Winnisimmet, 1903

July 31, 2020

Winnisimmet, 1903

WYT 84

A word from the Massachusett's Native American tribe meaning "good spring nearby."

Builder: Spedden Company, Baltimore, Maryland

Length: 96' 6"

Beam: 20' 6"

Draft: 9'

Displacement: 182 tons

Cost: $50,000

Commissioned: 30 July 1903

Decommissioned: October, 1945

Disposition: Sold

Machinery: Reciprocating steam engine; 1 Babcock & Wilcox watertube boiler; 500 SHP; single propeller

Performance & Endurance:

        Max: 12.0 knots
        Cruising: 10.0 knots; 680 mile range (1945)

Complement: 11 (1945)

Armament: None

Electronics: None

Cutter History:

Winnisimmet was a 182-ton, 96' 6"-foot harbor tug, one of two Winnisimmet-class tugs built by the Spedden Company in Baltimore, Maryland, the other being the WissahickonWinnisimmet was launched on 11 October 1902 and was completed on 30 July 1903.  She was placed under the command of Captain George H. Gooding, USRCS, and was ordered to Boston, Massachusetts.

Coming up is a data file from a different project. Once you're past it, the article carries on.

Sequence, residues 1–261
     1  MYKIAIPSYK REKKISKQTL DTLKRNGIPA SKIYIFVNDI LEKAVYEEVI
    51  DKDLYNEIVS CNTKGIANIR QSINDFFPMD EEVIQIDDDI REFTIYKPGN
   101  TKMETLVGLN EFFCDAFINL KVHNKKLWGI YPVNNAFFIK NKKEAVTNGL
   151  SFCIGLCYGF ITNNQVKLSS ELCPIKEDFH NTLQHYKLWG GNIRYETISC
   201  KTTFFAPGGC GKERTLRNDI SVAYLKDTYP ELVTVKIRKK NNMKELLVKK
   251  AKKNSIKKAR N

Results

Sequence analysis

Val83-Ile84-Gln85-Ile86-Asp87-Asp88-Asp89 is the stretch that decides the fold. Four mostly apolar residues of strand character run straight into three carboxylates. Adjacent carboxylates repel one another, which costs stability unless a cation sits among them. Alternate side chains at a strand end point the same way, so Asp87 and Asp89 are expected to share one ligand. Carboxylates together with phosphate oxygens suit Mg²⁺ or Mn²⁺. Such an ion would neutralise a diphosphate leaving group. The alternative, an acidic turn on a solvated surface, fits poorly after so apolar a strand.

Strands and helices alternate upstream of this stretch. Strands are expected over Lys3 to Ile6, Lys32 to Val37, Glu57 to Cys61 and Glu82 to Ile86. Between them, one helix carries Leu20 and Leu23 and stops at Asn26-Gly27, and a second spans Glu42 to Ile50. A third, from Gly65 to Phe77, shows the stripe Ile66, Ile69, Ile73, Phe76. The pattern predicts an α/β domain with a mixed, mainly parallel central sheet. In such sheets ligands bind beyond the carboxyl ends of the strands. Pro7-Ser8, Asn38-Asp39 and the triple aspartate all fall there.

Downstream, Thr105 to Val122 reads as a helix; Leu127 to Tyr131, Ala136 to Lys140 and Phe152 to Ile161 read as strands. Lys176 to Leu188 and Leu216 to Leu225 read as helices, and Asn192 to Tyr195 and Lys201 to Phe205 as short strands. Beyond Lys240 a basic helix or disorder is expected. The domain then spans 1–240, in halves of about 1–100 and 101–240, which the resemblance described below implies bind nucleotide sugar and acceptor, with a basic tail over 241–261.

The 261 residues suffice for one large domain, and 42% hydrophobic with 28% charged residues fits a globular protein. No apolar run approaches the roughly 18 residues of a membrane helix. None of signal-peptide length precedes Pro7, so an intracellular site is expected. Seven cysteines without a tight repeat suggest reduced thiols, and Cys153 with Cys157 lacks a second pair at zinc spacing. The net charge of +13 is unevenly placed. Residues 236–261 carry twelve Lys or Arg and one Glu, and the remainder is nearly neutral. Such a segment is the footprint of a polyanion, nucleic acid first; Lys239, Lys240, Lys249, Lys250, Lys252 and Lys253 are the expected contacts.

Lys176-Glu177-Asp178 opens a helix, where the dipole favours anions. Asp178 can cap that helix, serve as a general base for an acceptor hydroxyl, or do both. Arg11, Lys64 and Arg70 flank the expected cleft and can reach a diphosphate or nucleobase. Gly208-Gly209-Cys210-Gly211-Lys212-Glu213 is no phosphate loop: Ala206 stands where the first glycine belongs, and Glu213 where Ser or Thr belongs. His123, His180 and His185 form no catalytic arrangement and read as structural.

She was transferred to the Navy on 6 April 1917 and was returned to Treasury Department control on 28 August 1919.  She was then assigned to Baltimore, Maryland, where she served until 1932 when she was transferred to Norfolk, Virginia.  She remained in service there for the rest of her service career, including World War II.  She was decommissioned in October, 1945 and was sold on 22 July 1946.


Donald Canney.  U.S. Coast Guard and Revenue Cutters, 1790-1935.  Annapolis, MD: Naval Institute Press, 1995.

Robert Scheina.  U.S. Coast Guard Cutters & Craft of World War II.  Annapolis, MD: Naval Institute Press, 1982.

U.S. Coast Guard.  Record of Movements: Vessels of the United States Coast Guard: 1790 - December 31, 1933.  Washington, DC: U.S. Government Printing Office, 1934; 1989 (reprint).